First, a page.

Having a harmonious relationship with the next Instructor helps both you and your members get more out of your class. Here are 8 ways to ensure everybody wins.

I teach at a particular club which has 30-minute slots back-to-back in the morning. When I turned up to teach my class a few weeks ago, the Instructor before me was looking stressed. He said: “That COMBAT Instructor man, he went right up to six forty-five! He gave me 25 minutes to teach a 30-minute GRIT Strength class.”

We’re taught lots of essential things at Initial Module Training: how to teach a class that’s safe and effective; how to learn choreography; how to role-model technique. What you won’t learn, however, is how to be a good “shoulder Instructor” i.e. the Instructor that teaches right before, or after, someone else’s slot. If you want to get on with your fellow teachers – and, more importantly, not irritate the members – follow these eight steps for a stress-free transition!

If you’re teaching the class before

  1. Finish on time

I have to admit, I never appreciated how important this was when I first started teaching. I recall regularly running 5 minutes over in my Sunday BODYPUMP™ class because my transitions were way too long. Sarah Today would have absolutely HATED Sarah 2010.

It seems like a no-brainer, but it can be way too easy to run over time. Equipment set up/ clear down, chatty members, overlong playlists, Meditation/ Relaxations that go on forever (BODYBALANCE™ Instructors – I’m looking at you). I teach after one Instructor who always runs right up to the last second of their slot (and sometimes goes over). While I don’t really mind since there’s nobody after me, the members do. They regularly message me to complain about their time-keeping and it’s not nice to start a class with half the members feeling annoyed.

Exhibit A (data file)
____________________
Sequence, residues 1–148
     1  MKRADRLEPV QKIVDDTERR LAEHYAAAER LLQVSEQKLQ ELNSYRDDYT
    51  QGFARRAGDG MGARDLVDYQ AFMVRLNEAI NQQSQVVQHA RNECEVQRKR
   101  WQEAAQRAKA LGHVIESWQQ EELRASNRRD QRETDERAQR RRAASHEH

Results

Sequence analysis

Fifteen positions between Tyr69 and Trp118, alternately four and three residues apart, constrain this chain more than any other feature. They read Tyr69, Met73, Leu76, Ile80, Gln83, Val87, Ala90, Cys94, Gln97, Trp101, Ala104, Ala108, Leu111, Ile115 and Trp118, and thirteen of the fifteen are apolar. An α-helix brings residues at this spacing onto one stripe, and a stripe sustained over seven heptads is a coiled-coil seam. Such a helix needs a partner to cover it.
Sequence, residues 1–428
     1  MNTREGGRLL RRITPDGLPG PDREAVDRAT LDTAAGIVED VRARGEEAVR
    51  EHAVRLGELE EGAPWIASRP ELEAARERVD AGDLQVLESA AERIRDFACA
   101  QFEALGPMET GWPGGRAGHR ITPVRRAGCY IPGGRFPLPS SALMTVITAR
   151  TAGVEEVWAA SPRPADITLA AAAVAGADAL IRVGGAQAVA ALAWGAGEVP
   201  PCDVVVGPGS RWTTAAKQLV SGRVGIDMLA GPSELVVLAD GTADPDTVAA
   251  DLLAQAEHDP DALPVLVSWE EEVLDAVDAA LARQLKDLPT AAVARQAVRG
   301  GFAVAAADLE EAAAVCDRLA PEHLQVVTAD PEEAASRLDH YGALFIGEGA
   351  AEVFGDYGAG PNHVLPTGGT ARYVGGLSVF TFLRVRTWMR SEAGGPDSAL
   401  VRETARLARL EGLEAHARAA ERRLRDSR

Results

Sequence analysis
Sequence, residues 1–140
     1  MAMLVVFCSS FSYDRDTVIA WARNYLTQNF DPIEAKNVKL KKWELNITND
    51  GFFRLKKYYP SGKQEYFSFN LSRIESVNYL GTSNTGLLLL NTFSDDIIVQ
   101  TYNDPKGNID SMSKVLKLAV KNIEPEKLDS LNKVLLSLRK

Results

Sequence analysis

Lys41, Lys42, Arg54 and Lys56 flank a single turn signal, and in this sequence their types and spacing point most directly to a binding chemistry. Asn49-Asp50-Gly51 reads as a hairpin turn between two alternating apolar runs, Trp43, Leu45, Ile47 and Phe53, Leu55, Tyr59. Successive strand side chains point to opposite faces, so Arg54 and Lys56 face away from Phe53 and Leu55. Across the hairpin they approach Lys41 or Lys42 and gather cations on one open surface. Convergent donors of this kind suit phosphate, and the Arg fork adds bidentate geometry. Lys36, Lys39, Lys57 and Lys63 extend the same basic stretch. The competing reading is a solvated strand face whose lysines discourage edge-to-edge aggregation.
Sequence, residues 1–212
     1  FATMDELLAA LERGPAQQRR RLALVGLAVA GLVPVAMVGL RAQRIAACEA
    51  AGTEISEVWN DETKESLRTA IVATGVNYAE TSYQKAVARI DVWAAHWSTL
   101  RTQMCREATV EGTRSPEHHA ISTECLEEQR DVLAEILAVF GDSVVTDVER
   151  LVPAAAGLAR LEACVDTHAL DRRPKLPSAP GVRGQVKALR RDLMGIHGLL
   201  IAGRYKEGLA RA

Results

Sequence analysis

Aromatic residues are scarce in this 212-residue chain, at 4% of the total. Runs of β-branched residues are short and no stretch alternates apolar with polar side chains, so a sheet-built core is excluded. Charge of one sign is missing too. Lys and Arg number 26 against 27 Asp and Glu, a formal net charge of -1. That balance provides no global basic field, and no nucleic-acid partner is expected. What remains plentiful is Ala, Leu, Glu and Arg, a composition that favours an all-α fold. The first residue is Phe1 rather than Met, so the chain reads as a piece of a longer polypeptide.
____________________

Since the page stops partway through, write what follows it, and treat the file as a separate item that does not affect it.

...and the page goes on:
Basically, do your best. Cut the cooldown short if you need to, take the conversation outside, ask members to clear their equipment away quickly. And if you really can’t fit into the timeslot, talk to your Group Fitness Manager about adding in a 5-minute buffer to help you out.

  1. Help them set up equipment

BODYPUMP and GRIT Strength Instructors: how amazing is it when the Instructor before you helps set you up? It literally takes seconds of your time to help set up, but that Instructor will be so grateful. When there’s tight transitions between classes, having an extra pair of hands can really make all the difference between starting on time and starting late.

Even better, clean the mic for them with an antibacterial wipe before you hand it over. I had this done for me once (thank you Gandalf), and it really made my heart glow. Also, change the batteries on the mic if needed. Also (this should be a given) if you’ve perspired all over the floor, wipe your sweat up before the next Instructor takes over!

  1. Mix into their playlist like you’re Calvin Harris

Nothing kills the mood like an Instructor pulling the AUX cord out of their phone and leaving the studio in dead air. A friendly fade out and waiting for the Instructor to be ready to switch over to their music is much more polite. Even better, once your class is over, play something that sets the vibe for the one that’s about to start. I actually have a BODYCOMBAT playlist on my phone for this very reason.

  1. Promote their slot

Say it with me: it’s not a competition. There’s room for all of us! If you tell the class how wonderful the next Instructor is and to stick around for their class if they want to, they’re not all going to desert you next week. If anything, it makes you look highly magnanimous and a good team player.